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Graeme McDermott, Chief data officer, Addison Lee

Path to power

 

I left University with a degree in a bizarre subject called Actuarial Science and entered the dark world of very grey people who worked every hour god sent and did numbers for breakfast, lunch and dinner. I got into writing algorithms behind insurance company systems to automate manual calculations. After seven years of trying to finish the intolerable exams, I gave up and found I could make a good living working with data. In 1999, I headed to The AA to finish its product data warehouse and lead the exploitation team. After a few years, I was approached to set up an internal marketing analytics team and work with the central function running the customer data warehouse. After three years, I assumed total charge as we headed away from our parent company Centrica. After five changes of AA ownership and reaching data and insight director, I decided to leave for the role of chief data officer at Addison Lee and modernise its data estate. The last few years have seen me write forewords for books, sit on panels and present at conferences (“My life in data” is popular), advise newcomers to data how to short cut progression, and complete many trade interviews.

 

What has been the highlight of your career in the industry to date?

 

The stand out must be becoming CDO at Addison Lee (just behind making it into the DataIQ 100, of course!) While Addison Lee isn’t best known for its data approach, it has led the market in service and technology long before others arrived. I just want to put data up there with those market-leading qualities.

 

If you could give your younger self some advice about how to progress in this industry, what would it be?

 

I wish I hadn’t spent so long pursuing perfection with my data responsibility and settled for “best it can be for now”. Also, network, network, network and will you never have to apply for the best job, as they will come to you. Join some data professional communities and both receive and contribute.

 

Did 2018 turn out the way you expected? If not, in what ways was it different?

 

Yes and no. In the industry, the advent of GDPR and various data scandals highlighted the need for good data practices, while real examples of AI (and not exaggerated rebadging) have become common place. My negative relates to work where it has become harder and harder to retain good data professionals.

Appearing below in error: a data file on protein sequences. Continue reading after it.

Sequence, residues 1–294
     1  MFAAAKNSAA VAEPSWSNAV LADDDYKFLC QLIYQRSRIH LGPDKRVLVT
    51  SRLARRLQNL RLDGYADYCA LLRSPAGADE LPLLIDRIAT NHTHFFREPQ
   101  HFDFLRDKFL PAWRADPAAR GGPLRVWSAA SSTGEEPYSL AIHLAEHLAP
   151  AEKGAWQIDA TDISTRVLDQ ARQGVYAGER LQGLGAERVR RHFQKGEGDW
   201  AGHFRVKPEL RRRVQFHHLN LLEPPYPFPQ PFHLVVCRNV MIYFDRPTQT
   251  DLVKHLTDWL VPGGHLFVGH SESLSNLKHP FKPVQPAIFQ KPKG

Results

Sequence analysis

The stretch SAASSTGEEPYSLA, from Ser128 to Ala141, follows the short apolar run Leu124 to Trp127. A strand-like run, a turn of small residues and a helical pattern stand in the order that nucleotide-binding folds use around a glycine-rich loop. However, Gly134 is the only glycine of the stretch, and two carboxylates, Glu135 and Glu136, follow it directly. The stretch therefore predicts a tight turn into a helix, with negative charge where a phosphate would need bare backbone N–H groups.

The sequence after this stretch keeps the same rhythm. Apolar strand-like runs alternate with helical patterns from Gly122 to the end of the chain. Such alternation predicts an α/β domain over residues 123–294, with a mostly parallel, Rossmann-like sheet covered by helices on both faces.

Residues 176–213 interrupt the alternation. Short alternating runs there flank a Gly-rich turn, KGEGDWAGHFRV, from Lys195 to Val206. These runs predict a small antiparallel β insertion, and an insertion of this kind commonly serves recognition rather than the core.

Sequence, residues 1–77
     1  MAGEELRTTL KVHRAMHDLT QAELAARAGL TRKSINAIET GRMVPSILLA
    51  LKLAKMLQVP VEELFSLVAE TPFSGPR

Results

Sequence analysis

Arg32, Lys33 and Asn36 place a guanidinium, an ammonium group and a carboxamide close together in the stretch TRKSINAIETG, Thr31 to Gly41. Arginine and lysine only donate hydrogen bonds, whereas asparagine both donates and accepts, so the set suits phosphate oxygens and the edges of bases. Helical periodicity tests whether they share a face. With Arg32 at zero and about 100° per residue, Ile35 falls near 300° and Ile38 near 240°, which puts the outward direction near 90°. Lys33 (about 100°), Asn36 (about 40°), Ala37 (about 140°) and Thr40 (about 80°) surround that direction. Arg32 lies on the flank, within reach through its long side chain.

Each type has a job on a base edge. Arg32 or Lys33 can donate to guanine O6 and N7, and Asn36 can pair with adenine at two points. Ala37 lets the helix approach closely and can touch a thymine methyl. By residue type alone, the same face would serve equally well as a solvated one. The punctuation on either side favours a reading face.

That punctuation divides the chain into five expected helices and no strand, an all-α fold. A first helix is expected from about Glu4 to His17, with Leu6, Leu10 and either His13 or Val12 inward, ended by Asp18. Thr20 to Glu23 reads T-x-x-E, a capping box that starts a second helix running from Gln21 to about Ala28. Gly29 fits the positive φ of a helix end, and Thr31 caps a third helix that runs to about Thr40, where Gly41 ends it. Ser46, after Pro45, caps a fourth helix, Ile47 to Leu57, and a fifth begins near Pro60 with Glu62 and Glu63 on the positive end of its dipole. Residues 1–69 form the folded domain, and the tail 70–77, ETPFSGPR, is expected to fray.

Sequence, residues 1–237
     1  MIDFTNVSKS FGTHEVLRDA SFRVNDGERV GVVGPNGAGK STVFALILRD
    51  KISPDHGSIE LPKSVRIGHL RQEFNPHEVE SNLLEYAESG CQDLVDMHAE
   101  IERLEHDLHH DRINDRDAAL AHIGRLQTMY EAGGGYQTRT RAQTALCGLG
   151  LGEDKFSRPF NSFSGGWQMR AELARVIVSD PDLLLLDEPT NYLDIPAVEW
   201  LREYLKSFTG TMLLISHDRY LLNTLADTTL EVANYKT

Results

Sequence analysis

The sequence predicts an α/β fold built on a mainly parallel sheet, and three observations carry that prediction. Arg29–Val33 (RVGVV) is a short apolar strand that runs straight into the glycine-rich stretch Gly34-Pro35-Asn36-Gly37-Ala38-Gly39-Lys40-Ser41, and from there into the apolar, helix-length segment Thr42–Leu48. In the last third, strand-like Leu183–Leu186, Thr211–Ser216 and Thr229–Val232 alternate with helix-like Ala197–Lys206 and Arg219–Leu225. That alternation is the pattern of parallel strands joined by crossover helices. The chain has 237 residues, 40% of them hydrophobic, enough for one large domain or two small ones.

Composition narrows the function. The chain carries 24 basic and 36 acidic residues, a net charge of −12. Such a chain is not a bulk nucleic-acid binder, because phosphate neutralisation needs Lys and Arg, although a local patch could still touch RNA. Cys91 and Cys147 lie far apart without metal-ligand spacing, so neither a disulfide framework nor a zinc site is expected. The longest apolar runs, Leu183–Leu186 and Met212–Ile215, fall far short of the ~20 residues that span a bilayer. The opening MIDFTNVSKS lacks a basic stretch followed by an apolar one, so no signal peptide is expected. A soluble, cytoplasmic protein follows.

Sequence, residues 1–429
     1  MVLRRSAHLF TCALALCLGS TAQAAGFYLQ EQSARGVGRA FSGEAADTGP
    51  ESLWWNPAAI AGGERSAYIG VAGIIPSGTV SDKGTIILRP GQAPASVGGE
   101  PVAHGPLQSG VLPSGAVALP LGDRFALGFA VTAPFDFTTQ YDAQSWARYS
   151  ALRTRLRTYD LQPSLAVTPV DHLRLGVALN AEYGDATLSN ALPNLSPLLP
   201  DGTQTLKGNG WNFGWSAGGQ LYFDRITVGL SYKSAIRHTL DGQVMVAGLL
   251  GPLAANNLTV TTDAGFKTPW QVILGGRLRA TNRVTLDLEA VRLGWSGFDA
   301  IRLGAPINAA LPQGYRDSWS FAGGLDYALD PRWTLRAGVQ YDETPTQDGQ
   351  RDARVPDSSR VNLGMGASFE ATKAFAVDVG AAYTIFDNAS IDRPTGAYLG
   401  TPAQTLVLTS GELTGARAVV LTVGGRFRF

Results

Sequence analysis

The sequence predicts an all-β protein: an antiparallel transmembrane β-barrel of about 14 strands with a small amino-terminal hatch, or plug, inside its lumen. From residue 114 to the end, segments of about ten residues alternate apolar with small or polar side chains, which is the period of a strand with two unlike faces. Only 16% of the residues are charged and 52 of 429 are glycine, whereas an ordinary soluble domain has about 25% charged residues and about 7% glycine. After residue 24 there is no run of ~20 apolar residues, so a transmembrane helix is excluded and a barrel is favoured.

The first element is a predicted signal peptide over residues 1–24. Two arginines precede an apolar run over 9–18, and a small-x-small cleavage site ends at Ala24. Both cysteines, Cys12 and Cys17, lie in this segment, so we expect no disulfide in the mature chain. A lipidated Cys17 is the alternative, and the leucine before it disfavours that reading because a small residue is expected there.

What do you expect 2019 to be like for the industry?

 

More of the same! GDPR fines will gather pace with plenty of big names failing. We may see the dawn of realisation across a broader group of companies that AI and AV, etc, rely on good quality data. I expect to see consolidation in the new data science platforms as the big players move in and look to alleviate skills shortage amongst existing clients for their BI platforms.

 

Talent and skills are always a challenge to find - how are you tackling this in your organisation?

 

Despite being a small organisation, we have dipped our toes in several areas, from grow-your-own to free MSc and PhD students. Equally, investing in training our existing resource pool using a variety of methods, none of which include the now old-fashioned “attend an external training course”. We are also trying to create more resources in the organisation by delivering self-serve data services.

 

What aspect of data, analytics or their use are you most optimistic about and why?

 

With the continued shortage of certain data skills, we need to optimise what we have, and we will see the resurgence of the insight analyst who can both perform analytics and communicate the actions to take. After all, a few actionable insights are more useful than lots of interesting outputs.

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